A narrative by Yvonne Belen
Kidkat Tahimik (Silent Lightning) -a Filipino artist, writer and independent filmmaker-was one of the awardees of the Prins Claus Fund 2018. The awarding ceremonies was held in Amsterdam, The Netherlands on December 6, 2018. In the evening of December 5 the Prins Claus Fund laureates presented their work at the Compagnietheater in Amsterdam during a forum called “Louder than Words.”
Among the MABIKAs Board members who attended the forum were: Myra Colis, chairperson; Yvonne Belen, secretary; Renijune Abaya, treasurer; and Cesar T. Taguba, member. Jofelle Tesorio, correspondent of ABS CBN was also present.
Before the forum, Myra, June and Jofelle got acquainted with Kidlat and had some picture taking. After the forum, Cesar and Yvonne talked with Kidlat. They invited him to the MABIKAs Christmas party to be held on December 8th and to the 10th Igorot Cordillera BIMAAK-Europe (ICBE) conference to be held in Amsterdam on July 26-29, 2019. For the former invitation, Kidlat said he was leaving for Berlin after the awarding ceremonies. He also said although they live in Baguio City, he now spends much of his time in Hapao, Banaue, Ifugao.
Louder than Words
During Kidlat’s presentation at the forum, we first see on the screen, a 20 year old man in a G-string running in the forest. He climbs a tree and sees an animal below looking up at him. The young man gets a yo-yo from his small bag and throws it at the animal, which goes away.
Then follows Kidlat in his toga and gown. and holding his diploma. He makes a dramatic march to the stage to the tune of the Grand March from the opera, Aida. He gives his diploma to his mother. He later realizes he is being uprooted and alienated from the culture of his people. Then he goes through the process of rediscovering and taking roots in the history of his ancestors whose ingenuity constructed the rice terraces 3,000 years ago. He tears his diploma, gets rid of his toga and gown, removes his necktie and places it on his loincloth where he says, “It belongs”—all of these symbolizing a culture that is alien to the culture of the indigenous peoples.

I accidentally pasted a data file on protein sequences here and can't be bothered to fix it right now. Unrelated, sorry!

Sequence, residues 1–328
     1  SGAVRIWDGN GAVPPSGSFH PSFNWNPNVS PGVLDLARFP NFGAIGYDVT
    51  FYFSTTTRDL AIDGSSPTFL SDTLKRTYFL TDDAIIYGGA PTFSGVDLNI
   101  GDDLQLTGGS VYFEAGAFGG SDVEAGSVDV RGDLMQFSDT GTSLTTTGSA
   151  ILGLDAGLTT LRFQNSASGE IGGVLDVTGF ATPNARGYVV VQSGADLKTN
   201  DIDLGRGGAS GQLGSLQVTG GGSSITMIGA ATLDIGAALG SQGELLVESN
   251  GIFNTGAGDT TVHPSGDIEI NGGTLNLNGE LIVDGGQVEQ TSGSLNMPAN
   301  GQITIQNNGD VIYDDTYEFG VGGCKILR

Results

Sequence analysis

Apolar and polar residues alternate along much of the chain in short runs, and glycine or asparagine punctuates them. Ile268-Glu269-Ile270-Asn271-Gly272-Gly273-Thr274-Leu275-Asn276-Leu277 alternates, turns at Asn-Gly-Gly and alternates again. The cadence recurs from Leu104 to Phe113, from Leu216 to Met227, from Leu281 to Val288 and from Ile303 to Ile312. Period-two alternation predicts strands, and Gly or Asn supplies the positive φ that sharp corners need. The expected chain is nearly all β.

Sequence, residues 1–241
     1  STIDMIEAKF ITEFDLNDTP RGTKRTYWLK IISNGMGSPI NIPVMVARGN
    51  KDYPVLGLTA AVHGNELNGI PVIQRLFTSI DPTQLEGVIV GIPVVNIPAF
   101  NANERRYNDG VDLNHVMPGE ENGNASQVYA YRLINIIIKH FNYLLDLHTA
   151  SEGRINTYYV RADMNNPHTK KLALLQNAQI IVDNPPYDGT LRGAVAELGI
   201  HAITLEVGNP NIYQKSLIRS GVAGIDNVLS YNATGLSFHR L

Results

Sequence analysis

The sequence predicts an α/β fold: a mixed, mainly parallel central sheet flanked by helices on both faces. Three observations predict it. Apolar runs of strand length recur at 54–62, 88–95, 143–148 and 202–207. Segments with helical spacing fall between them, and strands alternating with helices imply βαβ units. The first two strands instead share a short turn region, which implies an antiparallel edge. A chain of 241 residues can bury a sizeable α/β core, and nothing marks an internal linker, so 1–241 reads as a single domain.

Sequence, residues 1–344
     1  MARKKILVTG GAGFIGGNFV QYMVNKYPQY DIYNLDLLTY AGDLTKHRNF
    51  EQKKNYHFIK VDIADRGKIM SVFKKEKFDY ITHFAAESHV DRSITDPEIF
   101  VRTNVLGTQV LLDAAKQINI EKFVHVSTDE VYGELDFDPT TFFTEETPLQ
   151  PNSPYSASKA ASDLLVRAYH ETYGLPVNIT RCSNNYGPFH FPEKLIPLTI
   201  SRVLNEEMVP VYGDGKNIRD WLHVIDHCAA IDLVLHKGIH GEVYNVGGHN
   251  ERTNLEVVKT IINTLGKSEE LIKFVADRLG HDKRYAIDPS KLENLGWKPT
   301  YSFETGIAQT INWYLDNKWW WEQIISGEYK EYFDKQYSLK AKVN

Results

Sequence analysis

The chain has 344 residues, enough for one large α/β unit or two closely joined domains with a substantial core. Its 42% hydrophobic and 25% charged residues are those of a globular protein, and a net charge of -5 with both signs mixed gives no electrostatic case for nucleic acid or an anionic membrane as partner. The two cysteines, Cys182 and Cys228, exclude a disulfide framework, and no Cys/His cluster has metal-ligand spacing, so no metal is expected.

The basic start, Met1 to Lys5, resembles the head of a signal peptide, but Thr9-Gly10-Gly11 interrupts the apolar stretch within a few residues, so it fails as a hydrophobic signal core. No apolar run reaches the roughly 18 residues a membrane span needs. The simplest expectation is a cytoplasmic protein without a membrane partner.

After Kidlat’s presentation, he is interviewed. He is introduced as a promoter of indigenous culture. At the end of the interview, Kidlat is asked, “How do we assure the future of the indigenous peoples?” His reply: They have the answers to climate change. They look at a tree or a river as part of the ‘other.’ They have something that are brakes for development. If we listen to our indigenous brothers and sisters, we will find, sooner or later, a balance.
Kidlat brought along with him a replica of an indigenous camera and other woodcarving.
From the Prins Claus Fund website
Kidlat Tahimik is an “an artist in many disciplines and a creative force in his community. Called the Godfather of the Filipino New Wave, Kidlat’s work ranges from film and photography to weaving, free-style architecture and carved installations. While working as an economic researcher for the OECD in Paris, Kidlat’s imagination was ignited by film. He tore up his MBA degree, quit his job, and poured his heart into his first film, Perfumed Nightmare (1977), a fictionalised version of his own dream trip to the West and subsequent disenchantment, which won the International Critics Award in Berlin. Kidlat is an enthusiastic advocate of indigenous culture. He organises conferences of indigenous peoples from around the world. His unconventional artworks raise awareness about environmental issues. He has designed and built two imaginative art centres using local craftsmen and found materials where local artists and craftspeople can exhibit their works. He generously gives his time mentoring young creatives and promoting independent creativity in workshops.”
On Kidlat Tahimik
Kidlat Tahimik was born in Baguio City, Philippines in 1942 as Eric De Guia. His mother, Virginia de Guia, was a former post-war mayor of Baguio City. He finished grade school at Maryknoll Convent School, Baguio City and secondary studies from the St. Louis University Boy’s High School also in Baguio City. He graduated with a speech and drama course at the University of the Philippines (UP) in Diliman, Quezon City. While at UP, he became president of the University of the Philippines Student Council from 1962 to 1963.
Like Kidlat, his family members are artists. His wife, Katrin is a writer; oldest son, Kidlat “Lightning” de Guia is a television and film director; son Kawayan “Bamboo” de Guia is a painter, and youngest Kabunyan, “the Igorot name for god” is into painting.
With Kidlat Tahimik as “Prince Claus Fund Laureate” in 2018, the Philippines, particularly the indigenous peoples, is again on the world stage of culture and development.